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Janjaweed Attack in Chad Causes Panic Among Sudanese Refugees


The U.N. refugee agency says fear among thousands of people who fled to Chad from Sudan's conflict-ridden province of Darfur is growing in the wake of fatal attacks by janjaweed militiamen on Monday. The agency says the attack occurred near the village of Dolola, in southeastern Chad ,just a few kilometers from a refugee camp at Goz Amir.

The refugees were not the victims of this attack but the U.N. refugee agency says it was too close for their comfort.

UNHCR spokeswoman Jennifer Pagonis says a group of 150 armed men surrounded Chadian villagers early Monday and opened fire, killing four people and wounding five others.

She says the local population described the men as janjaweed militia. The janjaweed, who are Arab fighters supported by the Sudanese government, have been waging war against black African inhabitants of Darfur for the past three years.

Pagonis says the assailants stole about 1,000 head of cattle. She says the wounded were transported to the nearby Goz Amir refugee camp and to the hospital in Goz Beida for treatment. "Goz Amir is one of about a dozen UNHCR-run camps in eastern Chad and is currently home to some 17,700 Sudanese refugees from Darfur. Several hundred internally displaced Chadians have also settled near the camp in recent weeks, having fled earlier janjaweed attacks for the relative safety they hope to find in the refugee camp," he said.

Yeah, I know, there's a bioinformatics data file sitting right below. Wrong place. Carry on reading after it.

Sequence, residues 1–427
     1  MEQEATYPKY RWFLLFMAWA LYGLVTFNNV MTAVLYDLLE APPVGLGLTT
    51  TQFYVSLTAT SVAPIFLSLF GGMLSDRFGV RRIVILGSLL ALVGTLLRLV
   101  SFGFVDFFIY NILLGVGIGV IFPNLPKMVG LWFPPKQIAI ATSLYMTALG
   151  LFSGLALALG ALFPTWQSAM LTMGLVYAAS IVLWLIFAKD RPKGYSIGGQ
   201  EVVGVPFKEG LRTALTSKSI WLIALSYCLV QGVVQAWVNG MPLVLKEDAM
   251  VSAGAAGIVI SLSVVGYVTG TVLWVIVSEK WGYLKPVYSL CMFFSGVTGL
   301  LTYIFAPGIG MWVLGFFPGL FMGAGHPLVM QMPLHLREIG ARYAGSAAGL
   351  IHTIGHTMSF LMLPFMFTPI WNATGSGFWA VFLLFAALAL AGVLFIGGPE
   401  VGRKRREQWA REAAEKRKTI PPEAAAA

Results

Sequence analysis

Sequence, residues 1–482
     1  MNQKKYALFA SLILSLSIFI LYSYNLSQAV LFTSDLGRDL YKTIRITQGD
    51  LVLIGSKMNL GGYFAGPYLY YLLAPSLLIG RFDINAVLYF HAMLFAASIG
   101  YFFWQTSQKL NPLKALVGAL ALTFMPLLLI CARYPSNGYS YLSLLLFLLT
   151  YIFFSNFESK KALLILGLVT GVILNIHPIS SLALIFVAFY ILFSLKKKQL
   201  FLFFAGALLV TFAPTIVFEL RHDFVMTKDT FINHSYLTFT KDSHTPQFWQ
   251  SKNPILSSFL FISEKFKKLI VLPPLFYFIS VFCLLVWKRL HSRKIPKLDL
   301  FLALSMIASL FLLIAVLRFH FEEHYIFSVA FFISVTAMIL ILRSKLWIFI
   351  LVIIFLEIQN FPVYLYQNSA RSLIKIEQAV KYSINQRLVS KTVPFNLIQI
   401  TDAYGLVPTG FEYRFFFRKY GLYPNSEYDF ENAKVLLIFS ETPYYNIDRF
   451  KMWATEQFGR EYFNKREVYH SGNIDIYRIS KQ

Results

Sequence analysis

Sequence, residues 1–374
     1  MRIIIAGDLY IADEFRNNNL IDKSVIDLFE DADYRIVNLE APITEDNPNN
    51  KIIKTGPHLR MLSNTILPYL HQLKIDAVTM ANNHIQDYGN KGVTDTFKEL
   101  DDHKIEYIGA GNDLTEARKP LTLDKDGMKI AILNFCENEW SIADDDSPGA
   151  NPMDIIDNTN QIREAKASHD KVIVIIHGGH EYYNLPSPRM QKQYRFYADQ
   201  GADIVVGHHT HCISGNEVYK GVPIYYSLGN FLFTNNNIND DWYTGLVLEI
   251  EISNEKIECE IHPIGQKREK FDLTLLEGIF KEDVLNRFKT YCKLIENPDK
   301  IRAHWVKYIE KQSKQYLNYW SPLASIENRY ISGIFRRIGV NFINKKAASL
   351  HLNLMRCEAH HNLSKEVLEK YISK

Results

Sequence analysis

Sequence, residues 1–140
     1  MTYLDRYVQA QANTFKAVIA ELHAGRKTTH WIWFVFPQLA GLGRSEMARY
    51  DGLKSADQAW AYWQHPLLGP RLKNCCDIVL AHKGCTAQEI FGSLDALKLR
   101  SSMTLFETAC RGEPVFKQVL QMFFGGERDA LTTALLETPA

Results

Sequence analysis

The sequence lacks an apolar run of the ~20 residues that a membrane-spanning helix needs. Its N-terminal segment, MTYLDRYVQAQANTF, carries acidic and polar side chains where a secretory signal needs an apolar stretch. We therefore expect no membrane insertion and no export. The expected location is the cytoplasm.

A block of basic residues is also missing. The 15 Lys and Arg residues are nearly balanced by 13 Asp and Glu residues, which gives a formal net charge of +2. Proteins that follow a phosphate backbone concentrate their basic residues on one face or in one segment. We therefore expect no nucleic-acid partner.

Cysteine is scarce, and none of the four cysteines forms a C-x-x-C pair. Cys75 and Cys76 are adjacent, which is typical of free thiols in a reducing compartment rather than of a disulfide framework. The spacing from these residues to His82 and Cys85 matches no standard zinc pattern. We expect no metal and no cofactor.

Last month, a large group of armed men briefly took control of the Goz Amir camp, prompting the UNHCR to ask the Chadian government for more security.

Pagonis says the growing number of attacks near the camp is a matter of grave concern.

In recent months, she says the High Commissioner, Antonio Guterres, has repeatedly raised the alarm over spreading insecurity in the remote border regions of Sudan, Chad and the Central African Republic. "Despite the presence of about 18 Chadian gendarmes around each of the refugee camps in eastern Chad, there is a need to further increase security in the region. Local Chadian residents throughout the region are now telling our staff that they are very frightened, and that if humanitarian agencies were ever forced to withdraw from the area, they too would have to move in search of a safer haven," he said.

The UNHCR cares for more than 200,000 refugees from Darfur in 12 camps in eastern Chad. It also assists about 46,000 refugees from the northern part of the Central African Republic in southern Chad.

Pagonis says during the past couple of months, about 10,000 people from Chad have fled across the border to Darfur to escape instability in their own country.

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